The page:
In the left part of ﬁgure 5the algorithm is validated for an elliptic ﬂuid

domain, with 0.661 eccentricity. Since the evaluation of the free-surface

normals is critical for the algorithm eﬀectiveness, the ones calculated by

the algorithm are compared to the analytical values. In this comparison

a uniform distribution of particles had to be used inside the ﬂuid domain

in order to assign exact volumes to the particles. Results are reported in

table 1 in terms of average relative angle error. The convergence is close to

quadratic.

In the right part of ﬁgure 5an elliptic cavity with minor axis equal to 2h

was introduced in the ellipse. This cavity has thus the minimum dimension

which the algorithm is able to detect.

After this simple test, the algorithm is further assessed on the complex

ﬂow situations presented in ﬁgure 3. The free-surface particles detected

by the algorithm are plotted in pink in ﬁgure 6. Despite the geometrical

complexity of these conﬁgurations, the proposed method is able to provide a

very good qualitative estimation of the particles which form the boundary.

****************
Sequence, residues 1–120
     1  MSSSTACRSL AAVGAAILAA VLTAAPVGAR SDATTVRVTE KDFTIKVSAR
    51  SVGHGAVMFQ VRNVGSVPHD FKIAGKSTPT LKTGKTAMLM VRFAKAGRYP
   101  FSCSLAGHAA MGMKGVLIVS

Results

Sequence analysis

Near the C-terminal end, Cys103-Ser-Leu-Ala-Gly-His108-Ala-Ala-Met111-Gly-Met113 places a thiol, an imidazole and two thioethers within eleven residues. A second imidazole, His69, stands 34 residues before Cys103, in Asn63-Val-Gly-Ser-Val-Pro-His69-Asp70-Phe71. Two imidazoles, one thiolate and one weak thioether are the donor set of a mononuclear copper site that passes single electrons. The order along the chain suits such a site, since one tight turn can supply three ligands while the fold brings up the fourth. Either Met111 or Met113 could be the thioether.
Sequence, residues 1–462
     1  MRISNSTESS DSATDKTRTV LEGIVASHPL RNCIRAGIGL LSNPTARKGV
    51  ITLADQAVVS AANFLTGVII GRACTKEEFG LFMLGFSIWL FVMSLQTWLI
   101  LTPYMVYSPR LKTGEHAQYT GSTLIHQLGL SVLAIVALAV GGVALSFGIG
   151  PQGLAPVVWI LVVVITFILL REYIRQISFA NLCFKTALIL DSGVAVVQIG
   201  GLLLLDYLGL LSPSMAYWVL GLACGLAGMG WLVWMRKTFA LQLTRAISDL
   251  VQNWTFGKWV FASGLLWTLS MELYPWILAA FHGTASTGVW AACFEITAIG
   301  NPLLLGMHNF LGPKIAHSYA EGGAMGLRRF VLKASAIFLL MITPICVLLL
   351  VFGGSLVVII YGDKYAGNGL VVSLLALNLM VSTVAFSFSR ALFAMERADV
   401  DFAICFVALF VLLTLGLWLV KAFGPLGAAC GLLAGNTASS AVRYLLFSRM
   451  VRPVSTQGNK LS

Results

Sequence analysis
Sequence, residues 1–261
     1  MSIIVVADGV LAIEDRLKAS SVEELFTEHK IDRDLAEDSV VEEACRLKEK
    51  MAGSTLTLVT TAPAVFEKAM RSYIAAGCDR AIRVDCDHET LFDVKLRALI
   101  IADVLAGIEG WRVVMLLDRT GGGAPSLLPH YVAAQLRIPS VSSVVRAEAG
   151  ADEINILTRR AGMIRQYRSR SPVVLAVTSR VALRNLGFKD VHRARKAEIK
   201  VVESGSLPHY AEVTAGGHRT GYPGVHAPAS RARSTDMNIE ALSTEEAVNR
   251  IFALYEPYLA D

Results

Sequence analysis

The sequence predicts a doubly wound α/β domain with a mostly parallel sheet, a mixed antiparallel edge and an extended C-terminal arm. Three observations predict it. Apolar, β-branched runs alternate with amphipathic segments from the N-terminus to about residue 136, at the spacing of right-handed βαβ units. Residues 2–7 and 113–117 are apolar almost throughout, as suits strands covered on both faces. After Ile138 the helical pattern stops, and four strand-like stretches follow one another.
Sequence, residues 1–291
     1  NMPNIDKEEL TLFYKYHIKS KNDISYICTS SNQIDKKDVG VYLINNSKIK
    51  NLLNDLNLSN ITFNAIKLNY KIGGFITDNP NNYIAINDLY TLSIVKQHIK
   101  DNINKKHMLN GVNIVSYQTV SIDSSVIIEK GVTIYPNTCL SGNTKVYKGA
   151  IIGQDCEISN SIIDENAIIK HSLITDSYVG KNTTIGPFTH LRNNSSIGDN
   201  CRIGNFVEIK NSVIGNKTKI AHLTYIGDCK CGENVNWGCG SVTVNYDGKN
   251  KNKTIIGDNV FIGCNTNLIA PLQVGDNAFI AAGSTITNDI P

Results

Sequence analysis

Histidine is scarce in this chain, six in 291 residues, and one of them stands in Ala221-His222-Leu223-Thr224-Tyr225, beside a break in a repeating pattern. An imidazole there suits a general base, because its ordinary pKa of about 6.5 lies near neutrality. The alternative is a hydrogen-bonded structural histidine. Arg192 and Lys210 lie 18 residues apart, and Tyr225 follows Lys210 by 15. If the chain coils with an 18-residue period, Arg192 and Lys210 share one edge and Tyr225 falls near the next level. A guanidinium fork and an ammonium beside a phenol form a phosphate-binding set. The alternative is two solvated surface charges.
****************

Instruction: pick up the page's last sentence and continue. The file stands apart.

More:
In particular one can observe that approximately circular cavities of diameter

8

0.75

0.20

λ

I

B

E

F

0.75

0.20

λ

2h

I

B

E

F

Figure 6: Results after the application of free-surface detection algorithm: free-surface

particles are displayed in pink with their normals; in the bottom part small cavities of 2h

diameter are shown. A circle with dimension 2his reported for comparison.

just larger than 2hare well detected.

Even though the algorithm requires a cycle on the neighbors for each

particle involved in the second step, it has still a very low computational

cost. Actually, all but a few percents of the particles are ﬁltered out in the

ﬁrst step.

The CPU time cost of the algorithm is lower than 5% of the total cost

of a standard SPH calculation, where the latter includes the calculation of

the neighbor list and the summations for the continuity and momentum

equation. It is the computation of the renormalization matrix which takes

the most part of the CPU time required by the algorithm (about 90%).

Hence, if the renormalization matrix is already evaluated in the numerical